This GM bus revolutionized the industry, and set the template for all over-the road buses to come: forward control, rear transverse diesel engine, the famous fluted aluminum “Silversides” cladding, semi-monocoque construction, high floor and underfloor luggage compartments. But its wildest feature was not replicated: a four-on-the-tree shifter and its mechanical linkage back to the non-synchronized gear box; something had to be left to improve. Let’s check it out and delve into the history and workings of its legendary Detroit Diesel 6-71 engine, which first made its appearance here. (Read More…)
Posts By: Paul Niedermeyer
Yesterday’s piece about Honda’s slippage left little doubt that its mojo ain’t quite what it used to be. But there was a time when Honda was on fire, and could do (almost) no wrong. The gen 1 Civic was like a little cherry bomb lobbed into a Weight-Watcher’s convention. Tiny, tinny, rude and crude as it was, the first Civic already embodied the unique qualities, if in somewhat embryonic form, that would revolutionize the American small car market and establish Honda’s meteoric rise. And this gen2 Civic was huge step forward; now instead of wearing a Civic like a badge of honor, one could now actually step into it and think of it as a legitimate car. How civil and civic-minded. But the best was yet to come. (Read More…)
Since the 1946 Continental was missing its eponymous spare tire, I meant to add this shot as evidence that the Conti’s influence is not yet finished (will it ever?). This may be a familiar sight in some parts of the country, but finding this in Eugene?? Either someone took the wrong exit and kept going for a very long time, or someone inherited grandpa’s car and couldn’t resist shocking/amusing the drab Toyota-driving locals. This gets my nomination for the most un-Eugene car to date. Oh wait…I have another contender for that crown somewhere: (Read More…)
Is the Clue too hard or is it too easy? Is the Clue too hard or is it too easy? Is the Clue…that’s what haunts my dreams at night (I guess things could be worse). The last two have been too hard, obviously. This one may be too easy; or not; BTW, it’s the blue roof in front of the red van we’re guessing about. But help yourself to the rest of this eclectic collection while you’re at it.
This car is a jaw-dropper, a true classic, and a lucky find that rivals the CC logomobile, but it’s misnamed. By all rights, it should be the Edsel American. It was Edsel Ford’s fine taste and encouragement that made the original version of this trend-setting car happen, and in the process created a car that set the template that every American personal luxury coupe/convertible has been trying to measure up to ever since. An aggressive face on a very long hood, a close-coupled body, a short rear deck, and dripping with the aura of exclusivity and sex: a timeless formula. All too few of the endless imitators got the ingredients right, or even close, as our recent Cougar CC so painfully showed. But that didn’t stopped them from trying, just like I never stopped looking for this Continental after I first saw it almost two years ago. It was well worth the effort. (Read More…)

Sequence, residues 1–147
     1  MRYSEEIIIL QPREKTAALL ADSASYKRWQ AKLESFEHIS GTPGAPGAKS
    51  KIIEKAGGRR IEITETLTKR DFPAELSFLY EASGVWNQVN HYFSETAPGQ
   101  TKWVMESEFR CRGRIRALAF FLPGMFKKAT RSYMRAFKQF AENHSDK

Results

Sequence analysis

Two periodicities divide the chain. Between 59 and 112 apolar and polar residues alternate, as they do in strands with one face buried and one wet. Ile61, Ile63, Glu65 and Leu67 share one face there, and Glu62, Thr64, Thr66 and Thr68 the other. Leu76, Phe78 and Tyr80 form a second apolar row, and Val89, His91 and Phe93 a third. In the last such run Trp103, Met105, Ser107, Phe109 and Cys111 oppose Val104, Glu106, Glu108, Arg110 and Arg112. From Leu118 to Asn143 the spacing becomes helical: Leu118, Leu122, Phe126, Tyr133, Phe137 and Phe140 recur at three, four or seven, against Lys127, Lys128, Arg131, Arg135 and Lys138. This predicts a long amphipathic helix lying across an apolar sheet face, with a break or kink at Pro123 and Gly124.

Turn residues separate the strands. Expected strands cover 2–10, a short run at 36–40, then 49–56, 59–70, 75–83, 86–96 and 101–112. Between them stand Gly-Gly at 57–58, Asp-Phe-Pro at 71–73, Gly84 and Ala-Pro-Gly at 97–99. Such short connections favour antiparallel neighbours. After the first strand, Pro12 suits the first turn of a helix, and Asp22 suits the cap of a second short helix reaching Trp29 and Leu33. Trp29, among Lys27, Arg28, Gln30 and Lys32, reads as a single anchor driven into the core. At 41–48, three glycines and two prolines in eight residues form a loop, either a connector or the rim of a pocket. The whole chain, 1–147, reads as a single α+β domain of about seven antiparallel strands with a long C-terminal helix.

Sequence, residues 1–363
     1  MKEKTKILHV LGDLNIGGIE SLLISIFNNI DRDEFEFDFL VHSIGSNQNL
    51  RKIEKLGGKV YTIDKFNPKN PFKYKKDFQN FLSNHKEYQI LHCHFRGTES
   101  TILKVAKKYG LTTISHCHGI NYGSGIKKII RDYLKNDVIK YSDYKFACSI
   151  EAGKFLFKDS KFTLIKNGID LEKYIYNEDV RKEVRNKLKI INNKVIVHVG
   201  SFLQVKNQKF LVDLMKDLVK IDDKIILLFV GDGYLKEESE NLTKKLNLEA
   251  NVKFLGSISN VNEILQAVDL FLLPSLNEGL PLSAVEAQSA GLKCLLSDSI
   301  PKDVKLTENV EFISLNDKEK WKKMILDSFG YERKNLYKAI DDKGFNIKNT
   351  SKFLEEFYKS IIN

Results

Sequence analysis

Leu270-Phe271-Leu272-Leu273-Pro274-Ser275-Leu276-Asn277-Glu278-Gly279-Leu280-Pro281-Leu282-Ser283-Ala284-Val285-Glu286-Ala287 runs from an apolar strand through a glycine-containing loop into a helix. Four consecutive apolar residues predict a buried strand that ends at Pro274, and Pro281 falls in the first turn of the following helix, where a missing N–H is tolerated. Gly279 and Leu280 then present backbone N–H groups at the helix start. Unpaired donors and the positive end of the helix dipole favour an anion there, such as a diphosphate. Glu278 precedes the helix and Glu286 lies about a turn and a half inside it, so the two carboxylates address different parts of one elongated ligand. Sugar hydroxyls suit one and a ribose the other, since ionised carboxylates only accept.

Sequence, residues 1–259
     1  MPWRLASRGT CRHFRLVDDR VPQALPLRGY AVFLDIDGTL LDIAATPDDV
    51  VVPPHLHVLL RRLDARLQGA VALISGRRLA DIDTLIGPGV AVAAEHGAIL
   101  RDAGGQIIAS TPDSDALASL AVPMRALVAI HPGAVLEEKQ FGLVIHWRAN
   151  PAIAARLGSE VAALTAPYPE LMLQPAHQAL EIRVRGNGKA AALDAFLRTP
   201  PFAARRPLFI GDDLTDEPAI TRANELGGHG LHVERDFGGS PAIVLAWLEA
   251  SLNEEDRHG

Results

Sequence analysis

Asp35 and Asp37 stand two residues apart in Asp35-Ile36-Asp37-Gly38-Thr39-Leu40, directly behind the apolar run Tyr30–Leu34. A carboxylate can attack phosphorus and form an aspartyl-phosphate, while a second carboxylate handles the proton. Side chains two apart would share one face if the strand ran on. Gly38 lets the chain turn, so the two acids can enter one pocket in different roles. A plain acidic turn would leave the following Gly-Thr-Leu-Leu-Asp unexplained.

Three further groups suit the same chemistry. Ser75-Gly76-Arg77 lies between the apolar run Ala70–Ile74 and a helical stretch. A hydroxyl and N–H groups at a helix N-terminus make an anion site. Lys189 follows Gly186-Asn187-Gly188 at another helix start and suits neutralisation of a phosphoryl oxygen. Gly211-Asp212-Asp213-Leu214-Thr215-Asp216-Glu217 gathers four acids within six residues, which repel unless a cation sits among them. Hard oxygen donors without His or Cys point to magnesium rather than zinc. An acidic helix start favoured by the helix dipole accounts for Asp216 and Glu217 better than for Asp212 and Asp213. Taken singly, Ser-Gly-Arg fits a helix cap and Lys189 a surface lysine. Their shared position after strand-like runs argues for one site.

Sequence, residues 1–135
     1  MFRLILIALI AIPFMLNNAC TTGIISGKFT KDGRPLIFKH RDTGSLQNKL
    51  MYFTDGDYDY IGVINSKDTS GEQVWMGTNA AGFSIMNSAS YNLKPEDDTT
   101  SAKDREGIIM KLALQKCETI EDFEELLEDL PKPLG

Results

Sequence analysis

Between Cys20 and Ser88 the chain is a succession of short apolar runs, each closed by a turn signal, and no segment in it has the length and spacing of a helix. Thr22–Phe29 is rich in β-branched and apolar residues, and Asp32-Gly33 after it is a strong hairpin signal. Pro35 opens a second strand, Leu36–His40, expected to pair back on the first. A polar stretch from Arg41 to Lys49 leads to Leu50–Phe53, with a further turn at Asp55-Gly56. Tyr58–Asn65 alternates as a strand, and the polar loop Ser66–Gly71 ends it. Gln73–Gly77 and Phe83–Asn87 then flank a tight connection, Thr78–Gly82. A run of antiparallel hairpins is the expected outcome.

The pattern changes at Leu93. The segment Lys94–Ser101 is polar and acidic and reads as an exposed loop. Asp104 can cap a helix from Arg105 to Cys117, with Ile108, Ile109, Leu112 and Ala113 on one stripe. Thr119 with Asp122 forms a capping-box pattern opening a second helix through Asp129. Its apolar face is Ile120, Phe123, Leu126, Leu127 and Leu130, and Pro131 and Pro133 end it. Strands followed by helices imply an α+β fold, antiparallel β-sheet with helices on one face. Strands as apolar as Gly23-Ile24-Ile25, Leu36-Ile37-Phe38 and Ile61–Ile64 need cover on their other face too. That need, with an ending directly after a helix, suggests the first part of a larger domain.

Sorry; I was so engrossed in writing Tuesday’s CC that the time got totally away from. Well, it is that kind of car. I also have to apologize for turning the Marauder X-100’s vent spear ninety degrees. I assumed that because it was Mercury Week, the clue would be too easy as is. It threw you, too much so. I will try to avoid doing that again, including tonight’s bedtime clue. Good night and good luck.
The Cougar first arrived in 1967 as something unique and distinct: a handsome, lithe sporty coupe with a distinct hint of luxury and a dash of continental flavor. Although the 1969 Pontiac Grand Prix is often credited with creating the mid-size/mid-price personal-luxury coupe coup, the first Cougar certainly predicted the trend.
What wasn’t so predictable is how quickly the Cougar would slather on the pounds (tons?), and morph into just another bland also-ran competitor in that rapidly crowding field. And if that weren’t bad enough, the once exclusive Cougar name was sullied by four door sedans and even a station wagon. The seventies were not kind to the Cougar, and (surprise) we’re not going to be very kind to it. (Read More…)
Memorable (def): 1. worth remembering 2. easily remembered
Maurauder (def): one who raids for booty
In yesterday’s Cougar CC, I claimed there were only three Mercuries truly worth remembering. The Marauder X-100 wasn’t on the list, and many of you protested. Fortunately, there are two definitions for the word, and the Marauder is certainly easily remembered; more like impossible to forget. And what exactly is it memorable for? Its booty. So how could we possibly not honor that? (Read More…)
As is often the case, owners of the Clued CC have a substantial advantage. But when the very piece of sheet metal is sitting in the next room for handy reference, it’s almost cheating. Our last winner majo8 is restoring a ’67 XR7, so he’s highly worthy even if he was clued in. And there were a particularly amusing and wide range of guesses. Keep up the good work!